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HOW IT GETS THERE

Coronavirus is a moment of reckoning for global supply chains

Carlo Cadenas for Quartz
  • Alexandra Ossola
By Alexandra Ossola

Special projects editor

As the coronavirus pandemic plunged the world toward a likely recession, Nestlé, the Swiss-based food provider, has remained strong. While major companies such as Marriott and Macy’s saw layoff-inducing downturns in the first quarter of 2020, Nestlé’s sales grew by 4.3%.

It helped, of course, that Nestlé makes a lot of products that were in particularly high demand during global lockdowns, such as coffee, pet food, and shelf-safe prepared foods. But it was also able to get its products to consumers worldwide, thanks to rock-solid supply chains.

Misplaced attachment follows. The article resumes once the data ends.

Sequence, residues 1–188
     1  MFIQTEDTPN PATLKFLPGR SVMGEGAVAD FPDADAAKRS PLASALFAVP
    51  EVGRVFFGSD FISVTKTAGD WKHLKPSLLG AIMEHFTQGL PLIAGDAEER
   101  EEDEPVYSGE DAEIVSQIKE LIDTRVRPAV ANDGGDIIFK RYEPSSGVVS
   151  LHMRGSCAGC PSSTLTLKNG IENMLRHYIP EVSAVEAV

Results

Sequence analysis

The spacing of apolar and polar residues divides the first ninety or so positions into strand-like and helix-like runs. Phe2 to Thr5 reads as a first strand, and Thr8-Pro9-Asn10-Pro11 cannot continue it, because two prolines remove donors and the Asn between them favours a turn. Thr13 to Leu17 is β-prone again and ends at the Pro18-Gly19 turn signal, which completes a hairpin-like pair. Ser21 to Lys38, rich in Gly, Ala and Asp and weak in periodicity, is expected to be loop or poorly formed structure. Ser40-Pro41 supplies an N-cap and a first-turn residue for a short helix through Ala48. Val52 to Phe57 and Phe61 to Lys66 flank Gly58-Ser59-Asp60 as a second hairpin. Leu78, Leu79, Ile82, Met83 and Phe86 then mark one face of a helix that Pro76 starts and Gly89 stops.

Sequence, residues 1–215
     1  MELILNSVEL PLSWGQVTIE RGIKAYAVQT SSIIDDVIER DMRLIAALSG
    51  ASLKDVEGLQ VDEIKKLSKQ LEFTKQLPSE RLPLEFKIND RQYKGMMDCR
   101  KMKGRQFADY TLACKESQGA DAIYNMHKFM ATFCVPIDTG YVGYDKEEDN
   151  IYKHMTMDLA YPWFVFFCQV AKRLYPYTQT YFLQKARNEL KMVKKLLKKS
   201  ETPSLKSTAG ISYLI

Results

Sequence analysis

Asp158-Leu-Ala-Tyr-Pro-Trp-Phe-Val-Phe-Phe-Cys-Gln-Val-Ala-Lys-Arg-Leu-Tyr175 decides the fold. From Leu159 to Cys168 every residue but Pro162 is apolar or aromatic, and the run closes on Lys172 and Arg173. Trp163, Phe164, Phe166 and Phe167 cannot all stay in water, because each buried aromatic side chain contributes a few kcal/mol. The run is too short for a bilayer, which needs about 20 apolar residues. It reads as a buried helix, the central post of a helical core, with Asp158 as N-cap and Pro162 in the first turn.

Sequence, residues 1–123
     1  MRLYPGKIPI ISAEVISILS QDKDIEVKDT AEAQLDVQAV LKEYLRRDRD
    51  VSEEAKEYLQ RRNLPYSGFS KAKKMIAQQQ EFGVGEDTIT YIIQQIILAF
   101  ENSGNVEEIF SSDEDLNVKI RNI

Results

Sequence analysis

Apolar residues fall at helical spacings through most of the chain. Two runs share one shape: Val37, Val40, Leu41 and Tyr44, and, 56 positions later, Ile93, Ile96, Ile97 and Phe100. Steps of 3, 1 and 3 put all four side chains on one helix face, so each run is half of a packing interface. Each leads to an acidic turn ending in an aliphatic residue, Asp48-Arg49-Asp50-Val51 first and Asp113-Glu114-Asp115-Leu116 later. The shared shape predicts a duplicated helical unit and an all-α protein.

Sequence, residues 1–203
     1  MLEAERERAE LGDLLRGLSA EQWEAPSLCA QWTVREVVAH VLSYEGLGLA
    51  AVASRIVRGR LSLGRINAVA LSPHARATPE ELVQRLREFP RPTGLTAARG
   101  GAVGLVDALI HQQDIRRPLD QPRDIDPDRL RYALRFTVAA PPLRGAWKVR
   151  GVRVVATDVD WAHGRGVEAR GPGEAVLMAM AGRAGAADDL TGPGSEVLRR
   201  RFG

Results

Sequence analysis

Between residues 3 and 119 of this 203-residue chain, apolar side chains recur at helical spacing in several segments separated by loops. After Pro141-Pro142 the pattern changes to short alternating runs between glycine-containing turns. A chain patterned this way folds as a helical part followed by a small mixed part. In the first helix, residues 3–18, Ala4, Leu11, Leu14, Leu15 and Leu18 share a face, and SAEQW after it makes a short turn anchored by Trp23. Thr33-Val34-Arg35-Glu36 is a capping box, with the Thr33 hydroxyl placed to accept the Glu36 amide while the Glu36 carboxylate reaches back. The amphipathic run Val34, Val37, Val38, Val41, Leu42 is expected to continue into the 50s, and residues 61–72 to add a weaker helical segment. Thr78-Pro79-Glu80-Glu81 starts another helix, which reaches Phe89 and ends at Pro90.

“Our supply chain strategy and business continuity plan in place are set to manage disruption,” says Vineet Khanna, a senior vice president and global head of supply chain at Nestlé. “We have been able to deliver what consumers needed thanks to the resilience of our supply chain, thanks to the collaboration with our customers, retailers, transporters.”

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